Does that mean we can move to a four-day work week now...please? I wish I was European...

Can US engineer soft landing?

The man who helped create one of the largest housing booms in America history, as well as the man who replaced him, say the party is now officially over. Alan Greenspan, the former US Federal Reserve chairman, and Ben Bernanke, the current Fed chair, both said last week the long-running housing price run-up fueled largely by low interest rates has ended. "This has been quite an extraordinary boom," Greenspan said in his first remarks since retiring after 18 years at the helm of the world's most powerful central bank. "Home sales are off, applications are off, everything is going in the same direction," he said at the Bond Market Association's 30th anniversary celebration in New York. "The boom is over, and you can say that with a fairly strong degree of confidence." Those comments were echoed by Bernanke. "We're seeing slowing in sales, slowing in starts," Bernanke said in Chicago. "There also seem to be signs that prices are not rising as quickly as they have been for the past few years." Both men, who have very similar styles, appear to be trying to signal to US consumers that they should soon get used to lower or flat prices for housing. The huge run-up in prices was largely spurred by moves by Greenspan, who lowered the key overnight lending rate to 1%, a four-decade low, after the stock market collapsed several years ago. The debate now, however, is whether Bernanke, with the help of Greenspan, can manage a soft landing for the housing market, which represents about 20% of US economic activity. Bernanke insists there will be gentle landing for the housing market as prices ease in some of the hottest markets such as California. He described the changing market as "moderate" and "orderly."
(National Post 060523)

The question is whether the bubble is going to explode or simply deflate. Let's hope it's the latter. I don't trust the Federal Reserve or the Bank of Canada to do anything responsible anyways. They are simply cronies of big money and big government as well.

Hail Victoria!

Alas, another May 2-4 long weekend (and the official start to summer) is over.

Things started off on Friday night when I met up with Skybar, Jetboy, Doug, Darren and Curtis at the Backlot. We had a few drinks and I had to step out to pickup the rental van for the weekend with Natasha. I came back to meet up with the guys and then Doug, Darren and I went to the Apollo slo-pitch game to see what was going on. We basically sat on the grassy knoll behind the bleachers having a few more beers sort of watching the game. Then we went back to Backlot and I won the bet that Skybar was still there even though he was supposed to leave an hour earlier. Needless to say he was tired of our company and left soon after. We hung around with Jetboy and Curtis. I drove the minivan back to my place and came back to the Backlot again to visit with everyone and then headed home early, around 11:30. Early rise in the morning....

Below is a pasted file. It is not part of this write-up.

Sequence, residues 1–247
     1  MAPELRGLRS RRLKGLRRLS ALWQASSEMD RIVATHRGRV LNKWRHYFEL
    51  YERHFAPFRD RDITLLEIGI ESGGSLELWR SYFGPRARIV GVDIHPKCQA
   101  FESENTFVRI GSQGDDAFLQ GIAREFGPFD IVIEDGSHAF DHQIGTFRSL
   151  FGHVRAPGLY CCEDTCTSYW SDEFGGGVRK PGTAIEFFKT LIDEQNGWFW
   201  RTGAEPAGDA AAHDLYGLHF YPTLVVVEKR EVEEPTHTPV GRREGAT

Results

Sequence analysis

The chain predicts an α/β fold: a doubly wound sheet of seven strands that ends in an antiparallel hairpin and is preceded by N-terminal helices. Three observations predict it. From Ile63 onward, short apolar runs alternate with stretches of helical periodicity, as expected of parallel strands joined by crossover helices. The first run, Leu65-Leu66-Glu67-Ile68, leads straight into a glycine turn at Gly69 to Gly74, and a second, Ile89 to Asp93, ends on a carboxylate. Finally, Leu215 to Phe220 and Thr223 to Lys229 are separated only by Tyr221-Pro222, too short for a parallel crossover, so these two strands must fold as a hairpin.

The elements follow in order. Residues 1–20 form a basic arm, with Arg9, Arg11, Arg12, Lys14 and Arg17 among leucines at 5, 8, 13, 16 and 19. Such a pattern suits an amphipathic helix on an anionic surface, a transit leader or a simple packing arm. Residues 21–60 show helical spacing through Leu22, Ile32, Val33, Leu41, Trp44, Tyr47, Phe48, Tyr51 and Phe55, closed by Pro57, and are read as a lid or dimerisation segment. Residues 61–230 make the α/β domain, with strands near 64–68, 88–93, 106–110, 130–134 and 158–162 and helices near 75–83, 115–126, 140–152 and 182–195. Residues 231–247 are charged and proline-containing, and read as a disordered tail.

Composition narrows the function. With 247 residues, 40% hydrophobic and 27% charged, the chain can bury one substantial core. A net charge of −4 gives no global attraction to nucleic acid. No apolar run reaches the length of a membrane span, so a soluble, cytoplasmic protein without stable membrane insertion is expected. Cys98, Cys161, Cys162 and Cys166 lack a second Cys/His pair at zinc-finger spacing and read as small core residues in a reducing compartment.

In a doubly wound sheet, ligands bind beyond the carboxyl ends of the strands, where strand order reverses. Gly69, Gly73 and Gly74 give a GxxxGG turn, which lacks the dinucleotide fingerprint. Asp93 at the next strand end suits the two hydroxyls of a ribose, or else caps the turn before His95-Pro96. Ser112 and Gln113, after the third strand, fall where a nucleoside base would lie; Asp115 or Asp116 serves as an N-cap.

The weekend in Saskatoon was fun, frustrating, painful and exhilarating all at the same time. We rolled into Toon Town mid-afternoon on Saturday with enough time to check into the hotel, register at the Bessborough, and then get prepped for the time trial along the South Saskatchewan River on Spadina Crescent. I was pretty happy with my time, 11:51, however I was ill after the exertion and got sick riding back to the hotel. Time for some rest.

The road race took place on the stretch of highway just outside of Saskatoon north from Clavet, looping around the Patience Lake PCS mine. The Cat 1/2 race was one of attrition. The wind was howling (big surprise) and in the morning, it was freaking cold. Of course, by the afternoon the clouds had disappeared and things heated up, making all of those extra layers of clothes more of a hindrance than a help. I ended up getting spit out the back about 50km in and rode the rest of the 110km route with a couple of other riders that I know who were also just happy to finish to allow us to complete the last stage, the Criterium on Broadway in downtown Saskatoon.

I was already almost a half-hour off the GC lead time, so this was going to be a chance for me to put on some hurt and help out Devon (who was currently in third place in the GC) since my legs weren't too shot from the road race, however I crashed on the fifth lap getting squeezed to the curb on the bottleneck corner where two lanes become one. I hit the boulevard hard and smashed my prescription sunglasses. I would've had the chance to run to the wheelpit and get back into the race with my free lap allowance, however since I couldn't really see, it was sort of a moot point and so that's where my race weekend finished.